Dungeons and Dragons (D&D) entered my life when I was twelve years old. It was around the time that the 3.5 edition of D&D was published. One of my homeschooling friends (yes, I was that weird homeschooled child) was interested in going to a local game store for a D&D event. I had never heard of D&D until then and was incredibly interested. Walking into the game store was slightly daunting, there were many people there for the event, many of whom were at least 18+ and looked like they had been involved in the scene for many years. I was nervous, but my inner voice kept telling me “Harrison, you will love this, stay and play.” I stayed, I played, I bought a few boxes of mini’s which would be the start to my collection, and I found a hobby that I loved for both the fantastical worlds and the wonderful people that I would meet because of it. My mother loved the fact that math was involved so that helped.
D&D was in my life for many years after that first event. Up until high school I played D&D almost on a daily basis, be it building armies with my brothers and clashing them against one another, or running small roleplay sessions where my family and friends would take upon persona’s of their own making to run through a world that I had created. It was a wonderful time in my life, I was incredibly happy and my anxiety was under control without the need for medication. D&D was my drug. As I grew and entered high school, I was more interested in interacting with my classmates and new friends/dating. Even during this time and going into college, I had a constant stream of fantasy and adventure media in my life, be it playing World of Warcraft or watching amazing movies such as the Lord of the Rings trilogy. D&D was still in my mind, but with all of the new internal and external influence it had taken a backseat.
I made some amazing connections in high school and college. One of my best friends is the co-writer of this blog and we talk/game on a daily basis. College had some great and amazing moments, and also some not so great ones. When a negative event would happen to me, especially with anxiety and depression added to the concoction, I didn’t know how to handle myself. At times I was wild, I had scary and unhealthy thoughts. I was able to finish my degree in graphic design, but this was with anxiety riding my back, driving me to times of insanity. I’ve worked here and there, I’ve tried to make peace with anyone that I had hurt, yet I had and have grown away from people that I had loved and cherished. There is hardly a day where the thought of my past hasn’t given me an internal struggle with my daily life.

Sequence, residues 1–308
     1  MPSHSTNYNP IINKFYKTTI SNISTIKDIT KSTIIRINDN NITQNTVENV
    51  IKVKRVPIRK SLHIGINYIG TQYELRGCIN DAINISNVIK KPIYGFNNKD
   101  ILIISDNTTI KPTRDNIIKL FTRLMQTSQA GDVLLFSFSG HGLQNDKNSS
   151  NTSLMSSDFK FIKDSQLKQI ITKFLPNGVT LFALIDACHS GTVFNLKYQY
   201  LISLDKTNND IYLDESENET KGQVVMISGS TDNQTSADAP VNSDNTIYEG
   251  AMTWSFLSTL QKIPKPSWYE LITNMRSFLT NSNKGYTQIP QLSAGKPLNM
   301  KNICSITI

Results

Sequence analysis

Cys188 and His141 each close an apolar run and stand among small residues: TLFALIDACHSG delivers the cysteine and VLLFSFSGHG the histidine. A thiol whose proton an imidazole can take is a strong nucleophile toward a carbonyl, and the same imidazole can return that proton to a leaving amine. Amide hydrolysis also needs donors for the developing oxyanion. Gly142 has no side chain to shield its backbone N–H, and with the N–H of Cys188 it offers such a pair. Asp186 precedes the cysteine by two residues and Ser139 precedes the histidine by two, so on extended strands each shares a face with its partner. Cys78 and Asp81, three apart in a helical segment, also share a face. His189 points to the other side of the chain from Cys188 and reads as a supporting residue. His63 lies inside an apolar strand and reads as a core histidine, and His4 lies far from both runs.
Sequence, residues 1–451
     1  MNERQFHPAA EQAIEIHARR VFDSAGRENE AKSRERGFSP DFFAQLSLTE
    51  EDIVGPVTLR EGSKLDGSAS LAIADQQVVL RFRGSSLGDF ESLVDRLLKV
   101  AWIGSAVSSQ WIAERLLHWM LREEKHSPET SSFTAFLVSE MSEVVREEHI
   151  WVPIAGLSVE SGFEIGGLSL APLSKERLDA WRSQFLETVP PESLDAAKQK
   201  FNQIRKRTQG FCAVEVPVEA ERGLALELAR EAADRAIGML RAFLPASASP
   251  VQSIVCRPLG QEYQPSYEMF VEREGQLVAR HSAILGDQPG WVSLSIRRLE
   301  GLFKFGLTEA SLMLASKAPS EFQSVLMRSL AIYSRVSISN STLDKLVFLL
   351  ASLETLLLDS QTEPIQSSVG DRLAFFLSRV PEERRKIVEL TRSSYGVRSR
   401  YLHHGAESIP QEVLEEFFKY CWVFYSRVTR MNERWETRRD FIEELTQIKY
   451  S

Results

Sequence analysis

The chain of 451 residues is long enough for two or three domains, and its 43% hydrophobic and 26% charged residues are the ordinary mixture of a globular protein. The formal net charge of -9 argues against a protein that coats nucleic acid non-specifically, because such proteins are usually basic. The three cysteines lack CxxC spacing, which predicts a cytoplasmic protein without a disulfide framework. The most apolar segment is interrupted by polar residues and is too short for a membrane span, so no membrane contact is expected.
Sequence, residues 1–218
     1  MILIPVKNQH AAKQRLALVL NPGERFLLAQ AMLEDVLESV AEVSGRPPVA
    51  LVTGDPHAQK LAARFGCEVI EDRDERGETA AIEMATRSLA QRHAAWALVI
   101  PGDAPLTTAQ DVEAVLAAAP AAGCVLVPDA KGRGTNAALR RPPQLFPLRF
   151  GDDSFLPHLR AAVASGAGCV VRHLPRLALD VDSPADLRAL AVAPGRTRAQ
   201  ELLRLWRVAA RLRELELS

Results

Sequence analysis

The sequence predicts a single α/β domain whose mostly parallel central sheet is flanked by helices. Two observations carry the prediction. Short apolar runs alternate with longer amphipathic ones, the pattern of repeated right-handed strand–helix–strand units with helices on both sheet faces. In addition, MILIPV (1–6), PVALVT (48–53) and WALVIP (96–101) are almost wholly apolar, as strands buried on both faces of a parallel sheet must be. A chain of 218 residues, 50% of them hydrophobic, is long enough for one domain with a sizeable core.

During a somewhat positive time in my life, a few summers ago I reconnected with a childhood friend and our friendship bloomed with renewed vigor. During a weekly outing, we dropped by a local bookstore. As I walked down the aisles, I stumbled upon the Dungeons and Dragons section. I had read online in a Reddit post that the current edition of D&D was great, complicated yet streamlined/simplified enough for anyone who has never even heard of D&D before to pick it up and play. I saw the Players Handbook on the bookstore shelf, I opened the tome and decided within five seconds that I was going to purchase this new edition of D&D. I never looked back.
I now own every published book that has come out for the 5th Edition of D&D. I have read all of them cover to cover many times. I have started and run many different campaigns, all of them either coming to a close because of in-game event (all of the players died…oops), or I had just picked up the most recent adventure and was so antsy to run this new adventure that I wanted to start from scratch and play the new campaign (I am sorry for any player that I have/had in my campaigns that is reading this). My anxiety and depression has leveled off to a ‘normal’ level. I am able to function in my life and can take on challenges that I never thought I ever could. Is this because of D&D? I think so. Is D&D a healthy hobby? Yes! I encourage anyone that has never picked up a twenty-sided die to call their local nerd or game store, and prepare to meet people that love the game and will gladly help anyone new to the scene. Prepare to fight goblins, abominations, and dragons. Prepare to adventure through a magical world of infinite possibilities. Prepare to enter a hobby that many people can call home, I know I have and hope you do too.